New Hampshire bureau lends a hand to Massachusetts as it looks into trading practices

The New Hampshire Bureau of Securities Regulations has jumped into the growing national mutual fund scandals in a big way, helping to investigate and negotiate a tentative settlement – reportedly in the $200 million range – with Boston-based MFS Investment Management, one of the largest mutual funds in New England.

“We have seen evidence of securities fraud,” said Mark Connolly, director of the bureau, which had earlier threatened to issue a cease-and-desist order against MFS.

Since that threat, MFS has resumed negotiations with the bureau, and a settlement could be announced in a matter of weeks, Connolly said.

The New Hampshire bureau was involved in the MFS investigation and negotiations, along with the U.S. Securities and Exchange Commission and the New York state attorney general’s office.

Connolly said New Hampshire volunteered to help out the Massachusetts securities regulation office, which has been swamped with other mutual fund investigations.

State and federal regulators have been investigating abuses in the mutual fund industry for several months, largely focusing on accusations of favorable treatment for large investors or of mutual fund executives trading for their own benefit with potential losses for customers.

Connolly would not go into details of the MFS negotiations, but sources close to the investigation confirm published reports that the company allegedly allowed favored investors to use so-called “market timing” and late trading on 11 funds while telling long-term investors that it did not allow the practice.

Late trading involves buying mutual fund shares at the price after the market closes. Market timing is an investment technique involving short-term, “in-and-out” trading of mutual fund shares, which has a detrimental effect on long-term shareholders. The technique is designed to exploit market inefficiencies when the “net asset value” of the mutual fund shares – set at the markets’ close – does not reflect the current market value of the stocks held by the mutual fund.

New York Attorney General Elliot Spitzer – a key investigator in the mutual funds scandals – has likened the practices to “allowing betting on a horse race after the horses have crossed the finish line,” he said.

Such timed trading can be extremely profitable, diluting the price for the average long-term shareholder. One study says such trading shaves an average of as much as 1.14 percent off an investor’s return. An investor would make a 5 percent profit off of a $100,000 investment using late trading practices, but make only 3.86 percent by playing by the rules.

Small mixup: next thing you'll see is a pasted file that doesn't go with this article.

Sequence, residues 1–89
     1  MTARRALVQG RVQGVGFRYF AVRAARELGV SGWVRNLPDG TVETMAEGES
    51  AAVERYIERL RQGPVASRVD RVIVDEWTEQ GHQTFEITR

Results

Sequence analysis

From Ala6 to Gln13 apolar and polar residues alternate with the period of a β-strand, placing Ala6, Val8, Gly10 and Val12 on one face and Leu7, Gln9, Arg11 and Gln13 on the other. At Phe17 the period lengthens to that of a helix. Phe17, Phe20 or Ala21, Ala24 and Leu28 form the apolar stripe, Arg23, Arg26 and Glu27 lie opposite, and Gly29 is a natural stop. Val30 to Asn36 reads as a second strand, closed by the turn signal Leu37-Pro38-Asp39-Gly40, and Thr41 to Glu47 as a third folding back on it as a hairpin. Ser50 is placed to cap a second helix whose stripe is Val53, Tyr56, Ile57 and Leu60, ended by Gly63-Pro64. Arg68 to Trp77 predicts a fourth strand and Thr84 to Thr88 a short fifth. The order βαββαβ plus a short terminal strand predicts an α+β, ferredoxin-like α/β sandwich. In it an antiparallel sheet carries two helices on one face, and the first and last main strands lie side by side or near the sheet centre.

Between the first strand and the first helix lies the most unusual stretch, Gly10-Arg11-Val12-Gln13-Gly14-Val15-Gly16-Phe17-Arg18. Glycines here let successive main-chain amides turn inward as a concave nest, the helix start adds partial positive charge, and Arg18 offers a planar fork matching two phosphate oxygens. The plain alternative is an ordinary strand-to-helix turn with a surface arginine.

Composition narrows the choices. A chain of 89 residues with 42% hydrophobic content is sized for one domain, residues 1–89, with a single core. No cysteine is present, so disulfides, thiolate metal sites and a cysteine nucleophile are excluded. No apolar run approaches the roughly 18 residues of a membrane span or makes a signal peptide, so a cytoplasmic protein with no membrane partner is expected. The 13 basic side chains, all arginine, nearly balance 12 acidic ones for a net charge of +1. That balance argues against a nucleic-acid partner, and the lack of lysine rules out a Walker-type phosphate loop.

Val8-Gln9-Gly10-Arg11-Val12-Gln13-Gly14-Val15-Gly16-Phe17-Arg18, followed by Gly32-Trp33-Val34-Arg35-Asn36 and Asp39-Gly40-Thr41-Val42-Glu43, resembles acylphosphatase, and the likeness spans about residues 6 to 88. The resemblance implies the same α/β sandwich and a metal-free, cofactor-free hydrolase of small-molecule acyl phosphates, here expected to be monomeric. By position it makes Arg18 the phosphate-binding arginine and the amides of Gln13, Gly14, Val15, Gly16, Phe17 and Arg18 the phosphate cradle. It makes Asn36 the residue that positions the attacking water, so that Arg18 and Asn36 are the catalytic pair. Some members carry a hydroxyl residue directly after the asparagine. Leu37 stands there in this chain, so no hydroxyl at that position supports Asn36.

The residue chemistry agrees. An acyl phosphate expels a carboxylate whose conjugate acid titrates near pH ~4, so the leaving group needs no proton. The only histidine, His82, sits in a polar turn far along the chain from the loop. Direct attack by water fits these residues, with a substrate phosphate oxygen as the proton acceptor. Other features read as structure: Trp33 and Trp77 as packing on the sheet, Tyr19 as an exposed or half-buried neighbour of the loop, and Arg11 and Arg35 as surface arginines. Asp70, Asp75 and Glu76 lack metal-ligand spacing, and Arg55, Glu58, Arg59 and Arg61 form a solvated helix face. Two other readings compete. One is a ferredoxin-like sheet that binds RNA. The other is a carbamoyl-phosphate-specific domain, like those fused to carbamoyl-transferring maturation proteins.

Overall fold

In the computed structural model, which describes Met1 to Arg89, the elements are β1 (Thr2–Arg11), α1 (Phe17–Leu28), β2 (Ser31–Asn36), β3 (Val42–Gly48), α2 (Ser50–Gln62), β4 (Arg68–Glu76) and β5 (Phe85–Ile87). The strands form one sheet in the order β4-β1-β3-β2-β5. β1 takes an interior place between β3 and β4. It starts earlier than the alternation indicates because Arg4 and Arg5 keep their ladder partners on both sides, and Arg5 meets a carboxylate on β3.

While “timed” trading is not illegal, it must be disclosed to the shareholder. MFS allegedly did the opposite, while steering certain investors to these funds, even when such excessive trading was taking place, according to a Jan. 23 report in the Boston Globe.

Late trading, however, is illegal – and has the potential to be very profitable. But to engage in it, a mutual fund would actually have to participate by setting a false time of sale.

According to the Globe, citing documents in the investigation, at least $1.9 billion of such “timed money” was being invested in the funds, constituting about 5 percent of the value of the 11 MFS funds.

If true, this would be unfair to long-term investors who didn’t know of such trading, Connolly said.

“Mutual fund investors should be on a level playing field. There shouldn’t be two classes of investors. It shouldn’t be those in the know making money at the expense of those who are not in the know,” Connolly said.

MFS did not return comment on the charges. Its Web site did confirm that it didn’t monitor such trading at the 11 funds, but that was because most of the funds were domestic large-cap stock and high-grade bond funds.

“MFS believes that the daily monitoring with respect to these large and highly liquid funds was unnecessary because MFS concluded that frequent trading in these funds would not be disruptive to portfolio management and harm fund performance,” the statement said.

But MFS has since started monitoring the funds and is fully cooperating in the investigation, according to the Web site.

Connolly won’t release details of the proposed settlement, but said the bulk of the money would go to repay shareholders and a small percentage would be used to reimburse the bureau. In past settlements, Spitzer has insisted that the funds cut fees charged to investors, while the New Hampshire bureau has mainly focused on corporate governance issues.

The bureau isn’t involved in the investigation only to help out its counterpart south of the border. Although the state is small, it has a relatively large number of investors in the stock market, judging by the 65,000 registered representatives (mostly out of state) of brokers or mutual funds.

“We are a very lucrative state for fund managers,” Connolly said. “We want to make sure everybody gets it that we don’t allow fraudulent securities firms in our state.”

On the other hand, he said, he didn’t want to frighten investors away from mutual funds. Funds are a very good deal, he said, and only a small minority of funds play on the edge of the law.

“The majority are doing the right thing and have the appropriate controls in place,” Connolly said. “We are just trying to get the others to clean up their act.”

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